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Leeches, maggots get medical use

Leeches and maggots are making a medical comeback.

Often described with the more elegant term “biotherapy,” leeches and maggots can play a critical role in curing wounds by doing what they do naturally — sucking blood or nibbling at dead flesh.

Historically leeches were used for bloodletting, under the theory that the loss of some blood would benefit a person’s health.

Some alternative practitioners still offer bloodletting for overall wellness, but leeches have been experiencing a comeback in more traditional settings.

They got a big boost in 2004, when the Food and Drug Administration approved medicinal leeches and maggots, and the use of both continues to grow, said Dr. Ron Sherman, director of the Biotherapeutics Education and Research Foundation, a nonprofit based in Irvine, Calif.

“I don’t believe that they have seen their full use nor do I see us anywhere near the plateau for the clinical utilities of maggots or leeches,” Sherman told The Indianapolis Star.

Exact numbers are hard to come by because the labs that produce leeches and maggots do not publicize their sales data. However, Sherman said, in 1990, only one lab marketed medicalgrade maggots. Today there are about two dozen worldwide.

Leeches don’t make appearances every day on the hospital wards.

IU Health University Hospital keeps a supply on hand in a plastic bucket on a special shelf in a refrigerator in its basement pharmacy. Some times, a few months pass between doctors’ prescriptions for leeches, said Scott Campbell, a pharmacy employee. Other times, he’ll pull out the leech bucket several times in a single month.

That’s because leeches, which have an enzyme that keeps blood from clotting, can be an ideal tool for helping to reattach an ear or finger, for example.

In these cases, blood may flow to the reattached area but not drain away. When this occurs, something has to be done to bring fresh blood to the area.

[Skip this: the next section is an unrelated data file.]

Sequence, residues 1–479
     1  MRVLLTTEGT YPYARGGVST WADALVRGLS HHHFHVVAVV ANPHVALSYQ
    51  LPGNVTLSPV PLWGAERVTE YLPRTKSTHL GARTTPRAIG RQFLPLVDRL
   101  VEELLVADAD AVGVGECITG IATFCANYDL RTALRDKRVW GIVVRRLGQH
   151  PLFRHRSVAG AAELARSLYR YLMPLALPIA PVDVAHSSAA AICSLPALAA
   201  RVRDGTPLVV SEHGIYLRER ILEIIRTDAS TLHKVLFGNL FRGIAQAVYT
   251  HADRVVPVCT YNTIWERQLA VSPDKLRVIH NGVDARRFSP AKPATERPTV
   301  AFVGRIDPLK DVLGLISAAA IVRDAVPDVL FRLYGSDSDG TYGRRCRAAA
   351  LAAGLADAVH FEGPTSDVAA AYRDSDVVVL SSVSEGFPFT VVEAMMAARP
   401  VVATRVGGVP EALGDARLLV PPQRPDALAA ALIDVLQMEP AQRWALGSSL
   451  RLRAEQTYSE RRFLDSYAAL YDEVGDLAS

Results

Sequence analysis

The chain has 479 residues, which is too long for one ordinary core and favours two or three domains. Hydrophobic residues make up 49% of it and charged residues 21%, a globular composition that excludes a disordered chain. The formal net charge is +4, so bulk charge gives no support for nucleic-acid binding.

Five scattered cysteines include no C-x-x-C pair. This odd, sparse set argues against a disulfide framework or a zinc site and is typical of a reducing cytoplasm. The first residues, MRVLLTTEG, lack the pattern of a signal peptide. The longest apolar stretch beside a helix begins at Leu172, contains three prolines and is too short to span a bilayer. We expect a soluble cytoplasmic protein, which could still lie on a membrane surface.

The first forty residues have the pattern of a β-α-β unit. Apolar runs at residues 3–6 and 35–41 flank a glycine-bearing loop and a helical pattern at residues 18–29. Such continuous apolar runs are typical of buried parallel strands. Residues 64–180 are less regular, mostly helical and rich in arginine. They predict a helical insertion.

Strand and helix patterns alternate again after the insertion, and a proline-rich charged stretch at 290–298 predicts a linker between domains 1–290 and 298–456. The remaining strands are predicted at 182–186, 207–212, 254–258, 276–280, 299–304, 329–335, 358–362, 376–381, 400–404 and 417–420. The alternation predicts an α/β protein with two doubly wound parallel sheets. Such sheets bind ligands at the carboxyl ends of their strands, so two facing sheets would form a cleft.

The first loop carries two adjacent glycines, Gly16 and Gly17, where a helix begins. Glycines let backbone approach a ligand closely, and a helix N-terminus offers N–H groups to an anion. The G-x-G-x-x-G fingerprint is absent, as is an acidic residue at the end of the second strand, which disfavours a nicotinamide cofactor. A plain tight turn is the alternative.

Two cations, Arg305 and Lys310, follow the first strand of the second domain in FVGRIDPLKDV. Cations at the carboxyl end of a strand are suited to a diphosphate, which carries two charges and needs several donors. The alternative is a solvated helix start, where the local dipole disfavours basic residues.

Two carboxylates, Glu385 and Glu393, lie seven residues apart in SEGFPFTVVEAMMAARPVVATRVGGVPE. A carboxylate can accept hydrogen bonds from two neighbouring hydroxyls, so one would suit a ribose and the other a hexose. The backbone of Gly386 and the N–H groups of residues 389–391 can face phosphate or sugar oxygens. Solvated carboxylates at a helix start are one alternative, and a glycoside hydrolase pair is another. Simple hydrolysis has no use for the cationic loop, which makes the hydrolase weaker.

Enter the leech, an expert at blood.

“They can pull a lot of blood out,” says Lee Ann Blue, chief nursing officer of Wishard Health Services, where leeches are used three or four times a year. “I have seen it used, and I thought it was a really fantastic therapy. At first, it was a little gross, but when you see what it does. … It’s very simple and it’s unique.”

Until Dr. Dion Chavis, a plastic surgeon at IU Health Methodist Hospital, started surgical training, he only thought of leeches as fish bait. Then, he learned leeches can assist with reattachments or lower extremity injuries in which skin grafts don’t adhere well to the bone.

In one case, a patient almost lost the top half of his ear in a truck accident. Chavis repaired it, but the ear turned a little blue, suggesting that blood flow to the area had slowed. Chavis ordered up some leeches, and the man’s ear healed.

Usually it takes four to five days of applying the leeches for about an hour a day for the therapy to be effective. Patients say it doesn’t hurt.

IU Health orders from Leeches USA, a Westbury, N.Y., supplier that sells “quite a few thousand” leeches each year, according to Rudy Rosenberg, the company’s vice president.

There are more than 650 types of leeches — including some in the Amazon that can grow up to two feet long — and many prefer to feed on mollusks or fish. The Hirudo Medicinalis leech, which is regulated by the Food and Drug Administration, makes its home in European bogs and proves to be just right for use in humans, Rosenberg said.

“It must have the right feeding system at the skin and not go deep into your system,” he said.

This species of leech can live for up to three years without being fed. Typically leeches used medicinally haven’t been fed for at least five months before they meet the patient, Rosenberg said.

Once a leech has had a single meal, the nurse must throw it away. Even if hospitals were to store the leech for another half a year until it was hungry again, they could not reuse it because of infection concerns.